The cost of insurance coverage is increasing the financial stress on consumers and businesses. In adopting the TiC requirements, federal policy makers recognized that the prices commercial insurers pay for health care goods and services are one of the main drivers of premium growth. In theory, opening the black box of what has been, to date, largely secret pricing agreements among hospitals, doctors, and insurers could help us identify and target regulatory policies or market-based solutions to keep costs in check. For states that have or will adopt cost-containment initiatives, the TiC data can be an important tool to hold plans and providers accountable and meet affordability goals.

But these goals cannot be achieved if the TiC data are not accessible. As the front line of oversight and enforcement for a large segment of the market, state departments of insurance can play a critical role by raising the bar for data access and usability, and holding insurers accountable if they aren’t complying.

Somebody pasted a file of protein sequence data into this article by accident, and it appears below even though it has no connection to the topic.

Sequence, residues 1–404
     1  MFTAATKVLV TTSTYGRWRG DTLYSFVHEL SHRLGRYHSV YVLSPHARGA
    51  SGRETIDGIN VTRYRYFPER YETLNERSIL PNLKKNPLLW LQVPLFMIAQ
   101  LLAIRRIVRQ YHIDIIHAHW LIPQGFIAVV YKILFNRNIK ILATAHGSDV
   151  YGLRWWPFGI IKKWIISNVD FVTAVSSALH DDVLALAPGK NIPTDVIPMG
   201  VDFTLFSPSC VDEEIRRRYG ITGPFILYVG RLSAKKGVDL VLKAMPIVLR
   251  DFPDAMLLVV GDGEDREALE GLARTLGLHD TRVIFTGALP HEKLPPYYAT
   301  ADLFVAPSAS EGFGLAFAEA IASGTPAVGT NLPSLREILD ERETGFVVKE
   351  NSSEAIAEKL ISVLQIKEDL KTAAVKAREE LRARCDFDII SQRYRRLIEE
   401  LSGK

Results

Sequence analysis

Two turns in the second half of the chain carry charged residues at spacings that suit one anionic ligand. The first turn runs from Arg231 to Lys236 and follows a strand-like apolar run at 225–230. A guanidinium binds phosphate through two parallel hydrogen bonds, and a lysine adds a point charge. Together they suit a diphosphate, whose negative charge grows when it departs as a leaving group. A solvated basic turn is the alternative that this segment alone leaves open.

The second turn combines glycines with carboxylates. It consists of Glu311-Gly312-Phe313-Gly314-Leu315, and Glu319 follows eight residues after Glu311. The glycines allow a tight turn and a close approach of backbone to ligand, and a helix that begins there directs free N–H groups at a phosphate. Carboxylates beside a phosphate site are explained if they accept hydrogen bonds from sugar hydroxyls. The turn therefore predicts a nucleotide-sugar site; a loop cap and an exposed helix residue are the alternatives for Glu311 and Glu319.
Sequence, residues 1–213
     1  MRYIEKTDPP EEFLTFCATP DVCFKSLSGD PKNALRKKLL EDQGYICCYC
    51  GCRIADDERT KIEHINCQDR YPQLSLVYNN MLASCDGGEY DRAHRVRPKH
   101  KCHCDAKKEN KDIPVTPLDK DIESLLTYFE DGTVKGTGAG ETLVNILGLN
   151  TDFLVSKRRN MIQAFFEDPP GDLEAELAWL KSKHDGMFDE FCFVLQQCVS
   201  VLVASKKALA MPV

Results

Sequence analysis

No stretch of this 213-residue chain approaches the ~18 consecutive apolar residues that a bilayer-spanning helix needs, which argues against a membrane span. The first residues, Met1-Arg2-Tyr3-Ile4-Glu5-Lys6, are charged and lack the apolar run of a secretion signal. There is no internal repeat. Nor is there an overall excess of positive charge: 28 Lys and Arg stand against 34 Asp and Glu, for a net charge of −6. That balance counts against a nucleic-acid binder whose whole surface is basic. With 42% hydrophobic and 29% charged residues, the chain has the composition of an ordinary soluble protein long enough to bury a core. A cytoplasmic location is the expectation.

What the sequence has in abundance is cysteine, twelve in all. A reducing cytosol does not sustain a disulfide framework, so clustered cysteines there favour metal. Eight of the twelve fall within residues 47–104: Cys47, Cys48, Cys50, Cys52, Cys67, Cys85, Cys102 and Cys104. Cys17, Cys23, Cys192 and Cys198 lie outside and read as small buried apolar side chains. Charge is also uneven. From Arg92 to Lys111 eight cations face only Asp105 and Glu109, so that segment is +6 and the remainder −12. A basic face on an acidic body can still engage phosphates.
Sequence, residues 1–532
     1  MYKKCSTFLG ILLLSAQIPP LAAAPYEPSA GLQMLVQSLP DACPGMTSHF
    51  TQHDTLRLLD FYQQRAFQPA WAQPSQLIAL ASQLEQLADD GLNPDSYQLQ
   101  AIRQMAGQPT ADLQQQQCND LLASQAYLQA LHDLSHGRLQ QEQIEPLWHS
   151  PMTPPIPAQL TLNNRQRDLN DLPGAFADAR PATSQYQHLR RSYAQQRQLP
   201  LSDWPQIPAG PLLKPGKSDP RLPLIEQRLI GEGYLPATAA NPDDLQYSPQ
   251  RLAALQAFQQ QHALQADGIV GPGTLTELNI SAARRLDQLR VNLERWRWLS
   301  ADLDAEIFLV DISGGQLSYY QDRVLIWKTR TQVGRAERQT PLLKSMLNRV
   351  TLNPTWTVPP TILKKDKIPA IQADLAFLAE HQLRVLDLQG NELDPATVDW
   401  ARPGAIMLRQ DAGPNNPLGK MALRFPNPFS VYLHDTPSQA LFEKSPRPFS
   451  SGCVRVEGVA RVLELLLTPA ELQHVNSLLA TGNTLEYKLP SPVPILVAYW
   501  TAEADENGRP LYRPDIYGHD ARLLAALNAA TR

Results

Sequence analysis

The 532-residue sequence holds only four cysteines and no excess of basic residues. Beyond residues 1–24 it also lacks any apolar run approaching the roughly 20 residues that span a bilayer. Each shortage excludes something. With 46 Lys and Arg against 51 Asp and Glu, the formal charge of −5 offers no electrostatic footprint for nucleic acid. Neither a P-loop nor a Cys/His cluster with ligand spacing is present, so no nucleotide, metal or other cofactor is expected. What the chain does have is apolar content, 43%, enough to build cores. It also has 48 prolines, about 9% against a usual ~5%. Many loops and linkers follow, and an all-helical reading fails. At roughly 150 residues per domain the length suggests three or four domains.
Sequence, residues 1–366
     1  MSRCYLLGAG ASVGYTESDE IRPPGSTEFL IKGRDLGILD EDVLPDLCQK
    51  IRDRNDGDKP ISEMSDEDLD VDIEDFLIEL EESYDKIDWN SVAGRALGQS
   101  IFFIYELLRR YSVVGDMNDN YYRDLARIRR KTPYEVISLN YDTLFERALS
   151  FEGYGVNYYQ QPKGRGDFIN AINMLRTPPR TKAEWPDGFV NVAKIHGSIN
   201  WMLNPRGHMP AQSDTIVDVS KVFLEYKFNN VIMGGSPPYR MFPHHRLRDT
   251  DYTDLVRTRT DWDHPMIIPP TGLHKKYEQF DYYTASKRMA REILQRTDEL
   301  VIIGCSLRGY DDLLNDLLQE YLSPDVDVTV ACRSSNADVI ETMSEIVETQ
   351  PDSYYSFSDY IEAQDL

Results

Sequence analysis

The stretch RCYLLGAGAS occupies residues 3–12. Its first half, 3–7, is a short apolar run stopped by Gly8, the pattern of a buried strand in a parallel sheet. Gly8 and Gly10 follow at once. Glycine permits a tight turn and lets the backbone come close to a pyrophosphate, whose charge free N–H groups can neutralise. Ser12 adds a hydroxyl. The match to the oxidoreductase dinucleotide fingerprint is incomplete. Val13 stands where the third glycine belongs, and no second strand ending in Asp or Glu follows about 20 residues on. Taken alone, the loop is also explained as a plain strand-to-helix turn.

*This article is part of the Health Affairs Forefront series, Provider Prices in the Commercial Sector, featuring analysis and discussion of physician, hospital, and other health care provider prices in the private-sector markets and their contribution to overall spending therein. Additional articles will be published throughout 2023. Readers are encouraged to review the Call for Submissions for this series. We are grateful to Arnold Ventures for their support of this work.

Sabrina Corlette, The Health Plan Price Transparency Files Are A Mess: States Can Help Make Them Better,” Health Affairs Forefront, May 5, 2023, Copyright © 2023 Health Affairs by Project HOPE – The People-to-People Health Foundation, Inc.

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The opinions expressed here are solely those of the individual blog post authors and do not represent the views of Georgetown University, the Center on Health Insurance Reforms, any organization that the author is affiliated with, or the opinions of any other author who publishes on this blog.